Wednesday 10 April 2019


We're now on passage overnight from Takaroa to Fakarava, passing close
to Apataki.

All these islands are atolls, which I would find hard to
believe could exist if I hadn't seen them. Atolls form when
mountainous volcanic islands like the Marquesas develop coral reefs
around their coasts - like Tahiti. The central volcanic islands
is gradually eroded as coral keeps being added to the reef leading,
over countless millenia, to these strange shaped islands. They are
anything from about 5 to 50miles around, thin bands of reef and very
low-lying sandy land encircling a lagoon. The strips of land
('motus') are invariably narrow, typically 100-200m but can stretch for
many miles around the lagoon, often interspered with gaps where there
is just reef - sea between 0 and 3foot deep. Most islands have
'passes' - small gaps in the reef that have been formed by the tidal
currents flushing in and out of the lagoon. The currents can flow very
strongly in these passes as they empty and fill the entire lagoon
through a very narrow gap.

Information about the pass on Takaroa was sketchy. We could calculate
the theoretical time of high and low tide - which is a guide to the
slack water - but that doesn't take into account other factors such as
they need to empty the lagoon of water that is pushed over the reef by
the swell on the windward side. We approached Takatoa about 40mins
before low water. The island supply ship, the St X Maris, was just
leaving - which was just as well as it occupied nearly the entire width
of the channel. It had docked at the town quay which lies at the
entrance to the channel and reversed out on what we thought was the last
of the ebb tide. We entered the channel - James on the first set of
spreaders to look for reefs, Bridget on navigation and the others using
polarised glasses to guage the depth. The tide was still flowing fast
in the channel - about 3 knots, but we could see at the head of the
channel an area of disturbed water where the entire flow entered the
channel from the north over a shallow patch before turning v sharply
west. For those that know it, it was like the tide running out past
Scoble point in Salcombe, but 3 times as fast and with a wall of reef
20m to starboard. The stream took the bow and for a brief moment I
wondered if it wuould spin the boat around completely before the stern
caught the stream as well alllowing me to steer to port. At full revs
we made 1.5 knots through the little cataract before breathing a sigh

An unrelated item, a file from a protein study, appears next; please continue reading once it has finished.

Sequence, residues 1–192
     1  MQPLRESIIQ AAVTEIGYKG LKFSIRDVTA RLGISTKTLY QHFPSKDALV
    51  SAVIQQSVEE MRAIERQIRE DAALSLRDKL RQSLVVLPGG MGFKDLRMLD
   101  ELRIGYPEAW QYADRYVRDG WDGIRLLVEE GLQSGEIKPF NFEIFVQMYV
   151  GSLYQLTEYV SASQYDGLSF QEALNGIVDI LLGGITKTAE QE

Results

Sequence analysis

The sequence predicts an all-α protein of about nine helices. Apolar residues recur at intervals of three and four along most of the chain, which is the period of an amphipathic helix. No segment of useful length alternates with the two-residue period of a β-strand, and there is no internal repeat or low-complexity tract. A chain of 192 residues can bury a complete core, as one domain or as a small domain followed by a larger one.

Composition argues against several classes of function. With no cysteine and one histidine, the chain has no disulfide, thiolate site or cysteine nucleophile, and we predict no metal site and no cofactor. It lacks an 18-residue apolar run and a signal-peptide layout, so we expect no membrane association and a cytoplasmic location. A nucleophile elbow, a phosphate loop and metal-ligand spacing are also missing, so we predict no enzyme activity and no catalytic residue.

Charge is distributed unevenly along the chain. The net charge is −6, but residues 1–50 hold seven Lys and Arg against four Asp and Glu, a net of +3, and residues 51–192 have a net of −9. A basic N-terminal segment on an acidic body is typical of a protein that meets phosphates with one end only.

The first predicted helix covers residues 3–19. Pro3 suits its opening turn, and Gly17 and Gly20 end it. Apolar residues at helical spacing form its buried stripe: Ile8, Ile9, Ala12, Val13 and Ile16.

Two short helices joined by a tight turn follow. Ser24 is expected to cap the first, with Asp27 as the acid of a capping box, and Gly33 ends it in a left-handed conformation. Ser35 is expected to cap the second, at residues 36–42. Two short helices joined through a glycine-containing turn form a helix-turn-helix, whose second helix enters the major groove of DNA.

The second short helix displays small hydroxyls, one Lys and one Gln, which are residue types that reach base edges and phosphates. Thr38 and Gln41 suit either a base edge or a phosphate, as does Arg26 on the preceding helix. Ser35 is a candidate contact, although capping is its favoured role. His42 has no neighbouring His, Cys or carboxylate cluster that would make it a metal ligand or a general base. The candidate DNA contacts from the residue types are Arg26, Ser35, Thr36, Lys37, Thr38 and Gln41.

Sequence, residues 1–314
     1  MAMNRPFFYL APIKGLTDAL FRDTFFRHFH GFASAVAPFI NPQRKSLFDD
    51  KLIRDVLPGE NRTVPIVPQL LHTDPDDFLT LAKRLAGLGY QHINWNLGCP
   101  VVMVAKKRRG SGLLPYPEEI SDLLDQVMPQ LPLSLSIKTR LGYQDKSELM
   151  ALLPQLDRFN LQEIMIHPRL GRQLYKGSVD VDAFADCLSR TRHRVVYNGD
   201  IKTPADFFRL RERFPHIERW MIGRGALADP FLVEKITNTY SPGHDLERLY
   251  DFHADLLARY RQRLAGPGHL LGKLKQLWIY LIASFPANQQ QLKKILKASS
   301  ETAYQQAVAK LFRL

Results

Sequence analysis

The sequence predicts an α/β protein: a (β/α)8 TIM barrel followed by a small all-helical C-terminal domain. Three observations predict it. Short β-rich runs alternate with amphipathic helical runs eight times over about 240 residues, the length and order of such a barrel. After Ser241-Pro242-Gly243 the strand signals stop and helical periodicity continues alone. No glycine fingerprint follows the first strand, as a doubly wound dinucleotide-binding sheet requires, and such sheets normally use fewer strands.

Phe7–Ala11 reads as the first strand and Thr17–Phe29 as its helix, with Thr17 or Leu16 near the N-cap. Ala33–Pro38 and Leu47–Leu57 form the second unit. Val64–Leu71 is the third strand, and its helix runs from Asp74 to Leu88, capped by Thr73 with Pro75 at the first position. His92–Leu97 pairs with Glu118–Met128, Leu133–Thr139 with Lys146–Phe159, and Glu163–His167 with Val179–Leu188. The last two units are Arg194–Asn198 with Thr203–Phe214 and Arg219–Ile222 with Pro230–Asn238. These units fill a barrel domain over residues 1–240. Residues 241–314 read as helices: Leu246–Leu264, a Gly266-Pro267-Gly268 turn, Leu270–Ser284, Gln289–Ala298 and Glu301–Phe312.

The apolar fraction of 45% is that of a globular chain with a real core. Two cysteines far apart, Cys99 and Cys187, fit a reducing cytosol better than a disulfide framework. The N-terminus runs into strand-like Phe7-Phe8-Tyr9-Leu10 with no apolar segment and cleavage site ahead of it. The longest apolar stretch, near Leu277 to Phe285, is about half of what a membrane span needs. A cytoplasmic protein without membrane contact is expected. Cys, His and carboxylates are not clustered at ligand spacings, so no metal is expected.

of relief as we entered the lagoon proper.

The google earth photo shows our track. Judging from the Latitude
scale on the left, the pass is about 30m wide.

Anyway, safely inside, we poked around for an anchorage eventually
settling on a spot about a mile north of the entrance. It was great to
get the anchor down, safely wedged under a coral head(!) so we could
relax, swim & sleep. Paddy - his first trip on a boat being this
450mile ocean passage - seemed particularly pleased to stop for a while.

Lizzie and Bridget went diving, hunting for sharks and sorting out a
tripping live for the anchor. Lizzie has developed an alarming habit
of shouting 'Shark' v loudly, and then jumping in the water to chase it.

We all slept well and woke up in time to host the radio net at 9:00am.
But we couldn't hear anybody! It's surprising how silly one feels
doing a long, cheerful introduction to the day's net and the get in
return ..nothing. Rather like having a conversation with somebody
before realising they left the room minutes ago.

The morning was lovely. A gentle breeze wafted over the flat sea meant
the boat was cool and flat. All the crew were content to relax
onboard, waving to locals passing in their proa canoes but actually
DOING very much at all.

Leaving the pass was slightly less hairy than entering - we timed it
so the stream in the main pass was pretty slack, but there were still
overfalls at the corner.

We've got a few boat jobs to do in Fakarava:
- rethread lost spinnaker halyard in the mast
- investigate non-reception on the SSB
- investigate gearbox which was re-developed the habit of not
going into gear when asked
- Find out why our tender, Snowy, continues to gradually leak

Blue water Cruising is, indeed, boat maintenance in exotic (in
this case v exotic) locations!

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